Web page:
Release Number 8821-23

Federal Court Orders Former New York City Resident to Pay Over $2.6 Million in Monetary Sanctions for Fraudulent Solicitation and Misappropriation in a Commodity Pool Scheme

November 06, 2023

Washington, D.C. — The Commodity Futures Trading Commission today announced the U.S. District Court for the Eastern District of New York entered an order of final judgment against Mark A. Ramkishun, a former resident of Brooklyn, New York. The order resolves the CFTC’s January 9 lawsuit against Ramkishun and finds him liable for fraudulently soliciting investments in a purported commodity pool and misappropriating pool participants’ funds. [See CFTC Press Release No. 8646-23].

The court’s order of default judgment and permanent injunction prohibits Ramkishun from engaging in conduct that violates the Commodity Exchange Act (CEA), orders him to pay $1,076,758 in restitution and a $1,566,977.07 civil monetary penalty. The order also permanently bans Ramkishun from registering with the CFTC and from trading on any registered entity.

Case Background

In entering this order, the court found Ramkishun, acting as an unregistered commodity pool operator, fraudulently induced individuals in the United States to send him a total of approximately $1.69 million for investment in a supposed commodity pool called Leo Growl LLC. The court further found in the course of soliciting as well as after receiving pool participant funds, Ramkishun knowingly made fraudulent and material misrepresentations and omitted material facts about the use of those funds and the profits pool participants purportedly earned. For example, Ramkishun told some participants they could never lose their underlying investments in the pool. He also fabricated and distributed to pool participants fraudulent account statements showing consistent profits and growing account values based on his trading, when Ramkishun’s trading actually resulted in net trading losses of over $550,000. The court also found Ramkishun used less than half of the pool participant funds for trading and ultimately misappropriated a substantial portion of the funds for personal expenditures and to make Ponzi-type payments to pool participants using funds provided by other participants. In addition, the court found Ramkishun failed to operate the pool as a separate entity from himself and commingled his personal funds with pool participant funds in violation of CFTC regulations.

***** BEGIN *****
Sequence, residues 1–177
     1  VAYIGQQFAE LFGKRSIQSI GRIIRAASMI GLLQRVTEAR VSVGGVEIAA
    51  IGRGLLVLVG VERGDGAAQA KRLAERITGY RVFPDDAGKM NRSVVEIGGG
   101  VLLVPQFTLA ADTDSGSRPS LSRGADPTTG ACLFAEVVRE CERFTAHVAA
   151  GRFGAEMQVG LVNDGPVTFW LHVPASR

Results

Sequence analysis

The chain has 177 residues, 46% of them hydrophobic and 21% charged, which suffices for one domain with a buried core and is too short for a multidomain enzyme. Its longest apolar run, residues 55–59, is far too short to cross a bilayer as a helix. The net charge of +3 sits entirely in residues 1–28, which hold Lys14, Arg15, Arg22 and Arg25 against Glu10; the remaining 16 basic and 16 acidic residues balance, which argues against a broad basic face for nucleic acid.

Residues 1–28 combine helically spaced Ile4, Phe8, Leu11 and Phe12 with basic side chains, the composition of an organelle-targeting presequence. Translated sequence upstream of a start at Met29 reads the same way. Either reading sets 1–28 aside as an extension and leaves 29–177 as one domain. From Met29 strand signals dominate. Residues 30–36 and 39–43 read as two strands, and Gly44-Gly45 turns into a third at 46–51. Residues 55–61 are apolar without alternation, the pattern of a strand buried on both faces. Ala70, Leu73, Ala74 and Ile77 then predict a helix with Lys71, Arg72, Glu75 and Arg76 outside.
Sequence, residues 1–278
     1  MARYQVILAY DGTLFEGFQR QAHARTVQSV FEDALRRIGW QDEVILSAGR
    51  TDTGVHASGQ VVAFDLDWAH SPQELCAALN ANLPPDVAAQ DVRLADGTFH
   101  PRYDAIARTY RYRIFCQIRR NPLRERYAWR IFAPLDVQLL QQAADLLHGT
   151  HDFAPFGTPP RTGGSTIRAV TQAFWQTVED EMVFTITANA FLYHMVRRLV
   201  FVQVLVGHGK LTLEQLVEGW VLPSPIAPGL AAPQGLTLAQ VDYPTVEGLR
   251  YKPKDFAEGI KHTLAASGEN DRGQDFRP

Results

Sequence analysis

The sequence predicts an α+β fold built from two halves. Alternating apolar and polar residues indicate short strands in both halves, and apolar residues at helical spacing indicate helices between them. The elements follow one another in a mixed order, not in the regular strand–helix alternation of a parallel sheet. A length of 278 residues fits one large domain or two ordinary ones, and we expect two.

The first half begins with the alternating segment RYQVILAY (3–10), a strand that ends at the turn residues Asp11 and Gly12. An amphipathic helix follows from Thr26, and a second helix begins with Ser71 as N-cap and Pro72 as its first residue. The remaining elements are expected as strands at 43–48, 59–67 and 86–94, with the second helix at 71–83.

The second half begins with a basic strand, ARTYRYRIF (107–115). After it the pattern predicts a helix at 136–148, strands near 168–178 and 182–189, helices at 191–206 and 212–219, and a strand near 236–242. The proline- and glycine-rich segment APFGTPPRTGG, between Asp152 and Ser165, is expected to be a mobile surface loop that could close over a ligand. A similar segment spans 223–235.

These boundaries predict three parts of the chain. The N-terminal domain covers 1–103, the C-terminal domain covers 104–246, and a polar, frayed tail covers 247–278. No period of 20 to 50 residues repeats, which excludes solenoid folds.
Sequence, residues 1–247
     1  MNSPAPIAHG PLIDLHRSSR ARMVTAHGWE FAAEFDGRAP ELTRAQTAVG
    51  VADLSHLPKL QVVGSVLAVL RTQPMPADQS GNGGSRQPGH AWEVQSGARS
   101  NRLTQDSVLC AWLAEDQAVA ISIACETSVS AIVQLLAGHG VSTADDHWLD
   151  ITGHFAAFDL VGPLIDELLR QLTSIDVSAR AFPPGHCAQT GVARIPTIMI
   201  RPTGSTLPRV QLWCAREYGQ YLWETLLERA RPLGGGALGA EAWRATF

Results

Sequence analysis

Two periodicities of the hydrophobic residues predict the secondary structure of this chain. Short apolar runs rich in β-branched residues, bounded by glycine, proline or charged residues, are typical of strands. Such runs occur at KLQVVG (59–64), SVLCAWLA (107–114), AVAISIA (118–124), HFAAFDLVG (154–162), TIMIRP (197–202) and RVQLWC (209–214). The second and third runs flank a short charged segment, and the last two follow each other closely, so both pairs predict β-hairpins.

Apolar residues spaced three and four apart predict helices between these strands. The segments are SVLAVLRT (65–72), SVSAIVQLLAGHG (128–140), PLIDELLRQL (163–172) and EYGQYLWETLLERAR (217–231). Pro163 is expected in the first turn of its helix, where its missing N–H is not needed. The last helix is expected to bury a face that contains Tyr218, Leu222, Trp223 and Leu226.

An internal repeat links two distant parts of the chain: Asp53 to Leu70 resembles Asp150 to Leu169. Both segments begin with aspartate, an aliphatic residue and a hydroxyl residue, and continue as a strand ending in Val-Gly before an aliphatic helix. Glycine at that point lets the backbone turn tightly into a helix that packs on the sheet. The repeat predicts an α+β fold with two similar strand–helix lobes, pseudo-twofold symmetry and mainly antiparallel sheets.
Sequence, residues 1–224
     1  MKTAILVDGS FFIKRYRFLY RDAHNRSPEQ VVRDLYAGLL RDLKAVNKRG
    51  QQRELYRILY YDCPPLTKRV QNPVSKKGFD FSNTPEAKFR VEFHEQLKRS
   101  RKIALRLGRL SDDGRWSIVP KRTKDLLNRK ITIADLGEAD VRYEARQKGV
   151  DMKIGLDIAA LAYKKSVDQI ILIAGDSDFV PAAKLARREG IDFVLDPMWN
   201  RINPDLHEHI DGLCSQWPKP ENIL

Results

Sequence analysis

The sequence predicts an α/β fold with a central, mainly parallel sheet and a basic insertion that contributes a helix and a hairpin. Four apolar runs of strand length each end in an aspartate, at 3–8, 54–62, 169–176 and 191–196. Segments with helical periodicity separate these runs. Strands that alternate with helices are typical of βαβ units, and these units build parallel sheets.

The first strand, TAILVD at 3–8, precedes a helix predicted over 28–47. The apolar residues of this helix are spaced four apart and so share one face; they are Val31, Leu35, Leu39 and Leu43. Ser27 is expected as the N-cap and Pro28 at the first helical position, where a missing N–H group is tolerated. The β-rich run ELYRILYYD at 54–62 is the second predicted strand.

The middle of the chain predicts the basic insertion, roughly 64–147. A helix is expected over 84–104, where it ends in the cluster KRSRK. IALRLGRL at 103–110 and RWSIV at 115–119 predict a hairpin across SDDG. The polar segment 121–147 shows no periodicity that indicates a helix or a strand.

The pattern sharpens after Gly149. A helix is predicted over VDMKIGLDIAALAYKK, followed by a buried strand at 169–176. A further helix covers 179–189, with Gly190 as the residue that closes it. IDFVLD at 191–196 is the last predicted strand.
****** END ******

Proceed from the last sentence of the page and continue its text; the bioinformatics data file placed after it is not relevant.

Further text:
Parallel Criminal Action

In late 2022, Ramkishun was arraigned on a 56-count indictment, obtained by the Kings County District Attorney’s Office in Brooklyn, New York, based on much of the same conduct alleged in the CFTC’s action.   

The Division of Enforcement staff responsible for this matter are Kara Mucha, Daniel Jordan, Rishi Gupta, Erica Bodin, and Rick Glaser. 

CFTC’s Commodity Pool Fraud Advisory

The CFTC has issued several customer protection Fraud Advisories and Articles, including the Commodity Pool Fraud Advisory, which provides information about a type of fraud involving individuals and firms, often unregistered, offering investments in commodity pools. The CFTC also strongly urges the public to verify a company’s registration with the CFTC before investing funds. If an entity is unregistered, a customer should be wary of providing funds to that entity. A company’s registration status can be found using NFA BASIC.

Customers and other individuals can report suspicious activities or information, such as possible violations of commodity trading laws, to the Division of Enforcement via a toll-free hotline 866-FON-CFTC (866-366-2382) or file a tip or complaint online or contact the Whistleblower Office.  Whistleblowers may be eligible to receive between 10 and 30 percent of the monetary sanctions collected, paid from the CFTC Customer Protection Fund financed through monetary sanctions paid to the CFTC by violators of the CEA.